The idea was to collect photos of officers in their communities, all tagged 'mynypd.'
But "biscuit boom" responded, 'sure thing,' and posted a photo of him being arrested in the back of a cop. "Dave hall" captured a picture at a Yankees game last year of an officer cuffing someone.
"I'm pretty sure they got some that they liked and some that they didn't," said tourist Hamzah Goodson. "I can imagine probably more that they didn't. But at least they're trying to do something ... it's better than nothing."
An email from Deputy Chief Kim Royster said that the social media platform Twitter "provides an open forum for an uncensored exchange and this is an open dialogue good for our city."
"I think it could be a PR move if it was done appropriately, if it was done the right way," said Donna Connolly, a tourist.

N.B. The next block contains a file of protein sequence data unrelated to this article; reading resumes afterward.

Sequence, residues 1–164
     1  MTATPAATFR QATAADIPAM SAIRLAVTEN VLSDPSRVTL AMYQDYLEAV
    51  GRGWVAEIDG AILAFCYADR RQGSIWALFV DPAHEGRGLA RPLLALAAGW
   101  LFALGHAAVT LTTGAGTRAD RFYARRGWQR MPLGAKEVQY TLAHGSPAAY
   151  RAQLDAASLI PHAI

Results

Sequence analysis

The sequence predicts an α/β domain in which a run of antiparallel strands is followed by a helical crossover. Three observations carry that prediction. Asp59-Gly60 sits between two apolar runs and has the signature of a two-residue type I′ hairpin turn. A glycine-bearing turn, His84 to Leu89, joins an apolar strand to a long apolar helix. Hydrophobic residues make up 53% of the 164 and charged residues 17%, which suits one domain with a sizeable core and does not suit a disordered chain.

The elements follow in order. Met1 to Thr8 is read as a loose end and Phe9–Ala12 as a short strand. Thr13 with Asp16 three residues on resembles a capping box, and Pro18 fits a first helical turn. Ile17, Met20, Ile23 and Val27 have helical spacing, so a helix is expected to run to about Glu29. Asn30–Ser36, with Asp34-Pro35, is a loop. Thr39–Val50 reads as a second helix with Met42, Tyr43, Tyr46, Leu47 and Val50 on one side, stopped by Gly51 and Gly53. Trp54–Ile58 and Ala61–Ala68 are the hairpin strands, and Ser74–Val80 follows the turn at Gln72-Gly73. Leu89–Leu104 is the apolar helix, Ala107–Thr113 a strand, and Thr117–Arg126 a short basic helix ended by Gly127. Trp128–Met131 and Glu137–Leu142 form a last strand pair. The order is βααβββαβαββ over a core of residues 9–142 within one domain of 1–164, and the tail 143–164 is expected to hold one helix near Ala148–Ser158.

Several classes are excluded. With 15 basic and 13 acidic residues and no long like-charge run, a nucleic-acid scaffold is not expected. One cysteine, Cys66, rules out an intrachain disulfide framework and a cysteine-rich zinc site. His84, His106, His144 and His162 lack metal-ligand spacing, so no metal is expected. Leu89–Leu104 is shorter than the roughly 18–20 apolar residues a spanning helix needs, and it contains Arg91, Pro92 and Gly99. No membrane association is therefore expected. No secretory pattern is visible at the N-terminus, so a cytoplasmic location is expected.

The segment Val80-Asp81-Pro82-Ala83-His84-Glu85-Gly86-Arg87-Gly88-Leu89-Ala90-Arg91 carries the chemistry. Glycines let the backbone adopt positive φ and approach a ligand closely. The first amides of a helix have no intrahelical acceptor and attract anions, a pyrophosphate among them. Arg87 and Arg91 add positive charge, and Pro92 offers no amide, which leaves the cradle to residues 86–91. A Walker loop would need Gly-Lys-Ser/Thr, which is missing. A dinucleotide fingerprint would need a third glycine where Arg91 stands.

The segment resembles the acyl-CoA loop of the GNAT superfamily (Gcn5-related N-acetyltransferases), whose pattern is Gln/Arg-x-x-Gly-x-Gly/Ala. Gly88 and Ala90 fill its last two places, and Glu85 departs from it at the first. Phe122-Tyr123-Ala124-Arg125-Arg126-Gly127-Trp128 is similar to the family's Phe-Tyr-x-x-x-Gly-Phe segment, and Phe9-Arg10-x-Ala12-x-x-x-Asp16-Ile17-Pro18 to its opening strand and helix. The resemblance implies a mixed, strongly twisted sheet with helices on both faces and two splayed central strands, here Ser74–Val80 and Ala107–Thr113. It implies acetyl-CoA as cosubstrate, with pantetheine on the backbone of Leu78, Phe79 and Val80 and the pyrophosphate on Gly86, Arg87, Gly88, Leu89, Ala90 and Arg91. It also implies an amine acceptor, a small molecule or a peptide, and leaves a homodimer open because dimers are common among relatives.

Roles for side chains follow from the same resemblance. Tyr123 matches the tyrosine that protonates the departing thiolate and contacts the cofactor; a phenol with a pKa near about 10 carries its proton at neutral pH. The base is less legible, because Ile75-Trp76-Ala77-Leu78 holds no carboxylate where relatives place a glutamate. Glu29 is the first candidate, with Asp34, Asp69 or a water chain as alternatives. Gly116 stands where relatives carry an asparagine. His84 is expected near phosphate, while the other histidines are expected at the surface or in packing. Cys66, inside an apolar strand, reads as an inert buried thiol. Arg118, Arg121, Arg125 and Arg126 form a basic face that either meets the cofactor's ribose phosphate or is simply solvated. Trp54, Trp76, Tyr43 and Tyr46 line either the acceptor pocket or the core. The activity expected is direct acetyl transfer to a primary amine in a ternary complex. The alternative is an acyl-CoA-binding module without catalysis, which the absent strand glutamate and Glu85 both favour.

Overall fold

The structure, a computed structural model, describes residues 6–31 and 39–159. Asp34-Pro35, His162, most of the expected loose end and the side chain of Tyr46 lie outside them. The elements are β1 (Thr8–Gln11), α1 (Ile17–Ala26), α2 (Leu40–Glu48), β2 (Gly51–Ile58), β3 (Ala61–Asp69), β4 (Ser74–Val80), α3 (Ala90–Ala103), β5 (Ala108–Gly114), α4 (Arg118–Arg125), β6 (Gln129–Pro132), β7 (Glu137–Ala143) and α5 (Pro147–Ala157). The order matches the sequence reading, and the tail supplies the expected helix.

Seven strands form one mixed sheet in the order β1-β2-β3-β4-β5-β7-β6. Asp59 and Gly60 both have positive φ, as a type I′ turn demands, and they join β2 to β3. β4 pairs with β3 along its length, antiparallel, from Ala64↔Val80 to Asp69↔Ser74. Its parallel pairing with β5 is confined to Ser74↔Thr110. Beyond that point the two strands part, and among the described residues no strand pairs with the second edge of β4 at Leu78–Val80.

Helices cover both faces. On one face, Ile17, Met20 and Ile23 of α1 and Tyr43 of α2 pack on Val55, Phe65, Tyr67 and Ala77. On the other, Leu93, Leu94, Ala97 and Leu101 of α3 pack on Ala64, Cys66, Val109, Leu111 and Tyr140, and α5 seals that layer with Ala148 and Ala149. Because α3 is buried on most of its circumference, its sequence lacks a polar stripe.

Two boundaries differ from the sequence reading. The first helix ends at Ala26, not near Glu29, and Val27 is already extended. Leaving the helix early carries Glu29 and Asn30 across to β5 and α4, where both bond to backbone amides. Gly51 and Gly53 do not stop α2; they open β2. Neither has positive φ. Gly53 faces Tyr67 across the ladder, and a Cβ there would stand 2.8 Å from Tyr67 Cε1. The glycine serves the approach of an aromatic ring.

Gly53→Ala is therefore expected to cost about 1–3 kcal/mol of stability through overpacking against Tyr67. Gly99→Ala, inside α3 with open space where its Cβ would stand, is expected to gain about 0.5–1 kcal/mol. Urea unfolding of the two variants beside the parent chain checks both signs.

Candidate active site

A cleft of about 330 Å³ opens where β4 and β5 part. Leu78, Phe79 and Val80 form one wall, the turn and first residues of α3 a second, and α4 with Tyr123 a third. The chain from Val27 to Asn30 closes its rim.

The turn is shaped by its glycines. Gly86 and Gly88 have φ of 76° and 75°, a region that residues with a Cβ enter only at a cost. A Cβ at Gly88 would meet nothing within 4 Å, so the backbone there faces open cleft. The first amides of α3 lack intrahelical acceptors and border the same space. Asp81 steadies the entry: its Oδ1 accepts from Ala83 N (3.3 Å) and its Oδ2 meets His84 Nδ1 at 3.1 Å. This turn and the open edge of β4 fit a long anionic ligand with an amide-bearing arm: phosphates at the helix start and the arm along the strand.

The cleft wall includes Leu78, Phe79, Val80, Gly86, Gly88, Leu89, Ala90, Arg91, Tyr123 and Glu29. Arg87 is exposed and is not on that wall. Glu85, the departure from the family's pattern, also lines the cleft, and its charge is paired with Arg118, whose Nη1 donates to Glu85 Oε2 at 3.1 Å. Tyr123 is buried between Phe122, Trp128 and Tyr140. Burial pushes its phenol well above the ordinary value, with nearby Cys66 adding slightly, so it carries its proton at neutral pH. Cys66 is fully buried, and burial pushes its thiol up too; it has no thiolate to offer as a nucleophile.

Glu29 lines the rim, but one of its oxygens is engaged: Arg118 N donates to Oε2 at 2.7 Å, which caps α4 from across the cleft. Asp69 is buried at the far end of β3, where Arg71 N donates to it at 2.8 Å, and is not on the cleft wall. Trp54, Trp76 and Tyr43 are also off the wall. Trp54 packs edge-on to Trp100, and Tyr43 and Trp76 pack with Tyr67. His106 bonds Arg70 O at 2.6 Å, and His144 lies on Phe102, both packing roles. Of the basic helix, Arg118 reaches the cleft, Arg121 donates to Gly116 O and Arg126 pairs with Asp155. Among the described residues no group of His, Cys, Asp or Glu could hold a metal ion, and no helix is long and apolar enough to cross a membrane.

Ayana Thomas, of Flatbush resident, said she thinks the campaign is a good idea. "Because the cops are a very important part of our community and we should want to take pictures with the police," she said. "We should know who is policing our areas."
The NYPD's Twitter account shows plenty of pictures with people and police, smiling and happy. But as Royster acknowledged in her email, the "uncensored exchange" leaves social media users plenty of opportunities to post photos that are less then flattering.This story comes to us from our sister station, WABC-TV, in New York.